The Distressor from Empirical Labs has often been described as the Swiss army knife of compression. Read on to discover the story behind this modern classic.
The classic image of the studio involves bar-fridge sized racks, crammed with outboard gear, with the expensive front panels looking up to greet you, inviting you to patch them in. There’s also a fair chance that these racks are bound to populated with compressors. You know the usual suspects, the Teletronix LA-2A, Urei 1176, dbx 160A and more from distant epochs.
But what if there was one device that brings all of the sounds under the one umbrella. This is the guiding principle behind the ingenious Empirical Labs Distressor – Dave Derr’s love letter to the classics. But far from being a simple homage, this device offers a lot more than gain control.
The Modern History of the Distressor
Dave Derr, the man behind Empirical Labs, bridged the worlds of the studio and development of audio technology. Leading to the establishment of his own company in 1988, he was part of the Eventide team, playing a role in the development H3000, H3500 and DSP4000 and immersing himself in world of digital signal processing.
While the modulation and ambience of Eventide seems far removed from the claustrophobic crunch of the Distressor, Derr’s skills in the digital world paid dividends when it came to developing his compressor.
The Distressor features analog circuitry with digital control, making it easy to flick between its many settings and expanding its repertoire beyond what you would expect from an analog compressor. After hitting the market in 1996, it’s gone onto grace studios the world over, selling close to 30,000 units so far.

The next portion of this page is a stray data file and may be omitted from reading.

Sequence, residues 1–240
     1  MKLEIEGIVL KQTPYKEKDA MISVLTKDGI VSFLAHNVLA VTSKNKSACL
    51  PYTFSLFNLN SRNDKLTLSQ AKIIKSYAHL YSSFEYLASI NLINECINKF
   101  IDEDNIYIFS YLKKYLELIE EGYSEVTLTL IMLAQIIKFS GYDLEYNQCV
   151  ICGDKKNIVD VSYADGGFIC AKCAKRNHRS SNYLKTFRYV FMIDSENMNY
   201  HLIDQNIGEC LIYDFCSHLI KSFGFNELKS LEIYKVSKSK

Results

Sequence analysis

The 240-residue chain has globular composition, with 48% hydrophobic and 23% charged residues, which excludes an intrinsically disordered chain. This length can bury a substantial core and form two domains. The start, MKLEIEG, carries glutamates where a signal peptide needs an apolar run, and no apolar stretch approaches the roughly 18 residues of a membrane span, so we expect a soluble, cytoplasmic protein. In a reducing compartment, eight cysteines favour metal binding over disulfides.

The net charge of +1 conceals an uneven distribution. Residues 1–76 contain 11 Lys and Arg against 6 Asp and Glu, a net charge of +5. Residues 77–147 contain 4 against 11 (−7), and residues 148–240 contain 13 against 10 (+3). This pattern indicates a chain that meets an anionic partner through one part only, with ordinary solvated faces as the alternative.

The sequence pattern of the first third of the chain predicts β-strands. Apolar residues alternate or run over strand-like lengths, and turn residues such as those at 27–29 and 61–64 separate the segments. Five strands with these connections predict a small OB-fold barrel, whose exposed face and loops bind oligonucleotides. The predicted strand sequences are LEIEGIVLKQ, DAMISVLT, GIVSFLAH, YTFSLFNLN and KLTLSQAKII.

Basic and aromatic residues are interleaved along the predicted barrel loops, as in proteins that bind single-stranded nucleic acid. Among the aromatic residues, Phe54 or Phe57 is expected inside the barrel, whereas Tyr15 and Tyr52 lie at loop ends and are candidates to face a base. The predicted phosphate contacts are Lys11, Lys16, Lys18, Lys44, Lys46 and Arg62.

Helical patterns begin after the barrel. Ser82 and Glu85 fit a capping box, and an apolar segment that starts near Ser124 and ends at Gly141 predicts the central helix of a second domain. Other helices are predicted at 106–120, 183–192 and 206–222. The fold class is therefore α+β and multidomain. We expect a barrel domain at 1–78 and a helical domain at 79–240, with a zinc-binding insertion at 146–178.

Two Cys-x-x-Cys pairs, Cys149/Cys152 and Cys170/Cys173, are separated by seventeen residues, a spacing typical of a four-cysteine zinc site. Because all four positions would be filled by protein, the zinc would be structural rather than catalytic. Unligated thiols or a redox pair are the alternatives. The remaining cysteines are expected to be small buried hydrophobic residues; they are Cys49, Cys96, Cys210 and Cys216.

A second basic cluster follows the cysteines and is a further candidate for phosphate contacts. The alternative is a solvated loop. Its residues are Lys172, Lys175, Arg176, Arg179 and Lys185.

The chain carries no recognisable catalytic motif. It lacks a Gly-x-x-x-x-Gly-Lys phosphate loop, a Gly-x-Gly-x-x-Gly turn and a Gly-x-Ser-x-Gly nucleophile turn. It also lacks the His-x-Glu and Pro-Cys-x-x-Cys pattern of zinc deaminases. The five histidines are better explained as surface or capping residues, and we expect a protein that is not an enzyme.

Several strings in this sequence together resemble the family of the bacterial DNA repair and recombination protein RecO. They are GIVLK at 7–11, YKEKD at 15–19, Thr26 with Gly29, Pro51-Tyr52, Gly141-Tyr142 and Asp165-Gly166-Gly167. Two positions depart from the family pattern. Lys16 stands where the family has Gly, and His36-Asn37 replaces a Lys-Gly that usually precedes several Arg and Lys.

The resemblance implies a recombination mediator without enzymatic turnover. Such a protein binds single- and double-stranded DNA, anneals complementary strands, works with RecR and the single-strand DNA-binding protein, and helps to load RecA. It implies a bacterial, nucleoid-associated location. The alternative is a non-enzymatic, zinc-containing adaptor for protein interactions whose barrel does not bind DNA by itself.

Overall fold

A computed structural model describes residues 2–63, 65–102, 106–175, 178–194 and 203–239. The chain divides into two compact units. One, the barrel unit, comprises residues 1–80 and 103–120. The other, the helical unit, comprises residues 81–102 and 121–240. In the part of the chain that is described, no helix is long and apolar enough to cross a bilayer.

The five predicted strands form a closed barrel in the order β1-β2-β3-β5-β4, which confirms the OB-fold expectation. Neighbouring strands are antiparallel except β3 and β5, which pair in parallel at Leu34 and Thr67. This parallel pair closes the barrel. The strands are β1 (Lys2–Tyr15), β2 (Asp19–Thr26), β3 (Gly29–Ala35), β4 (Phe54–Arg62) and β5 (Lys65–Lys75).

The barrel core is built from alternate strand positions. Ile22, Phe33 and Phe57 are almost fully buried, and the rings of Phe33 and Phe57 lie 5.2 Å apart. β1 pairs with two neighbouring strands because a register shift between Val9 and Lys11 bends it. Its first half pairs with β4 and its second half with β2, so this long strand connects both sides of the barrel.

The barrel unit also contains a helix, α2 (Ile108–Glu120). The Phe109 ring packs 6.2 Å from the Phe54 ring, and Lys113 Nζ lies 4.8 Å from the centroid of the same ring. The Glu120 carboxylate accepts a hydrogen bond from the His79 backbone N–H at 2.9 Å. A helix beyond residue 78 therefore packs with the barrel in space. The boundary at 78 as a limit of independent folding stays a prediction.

The controls of the Distressor are equal parts unique and familiar. Starting from the left, there is the ratio button selector. Most compressors would have a dial for this function, but the Distressor offer a single button that steps through different ratios, all of which highlight different characters of compression.
From the 1:1 through to 4:1, the compressor exhibits a soft knee character – meaning that the device won’t compress too aggressively, too quickly. This level of compression is suitable for gently taming the peaks on vocal for instance, without significantly colouring the sound.
Keep hitting that ratio switch and you’ll definitely start noticing the effect. The knee starts to bite a little harder, with more of a firm squash being applied. At the 10:1 or Opto setting, the spirit of the Teletronix LA-2A is invoked, with its customary colourful optical compression. Further still, you get to the Nuke setting. This setting is just the thing for creating those larger than life drum sounds – think John Bonham on steroids.
Not Just a Compressor
The Detector section of the Distressor adds another layer of versatility. Though it’s not in the audio path, you can set it to detect certain audio information that will affect how the compressor operates. The high-pass filter means it will not detect frequencies below 80Hz. This comes in handy if you’re compressing a whole drum kit for example and you don’t want to overly squash the kick drum.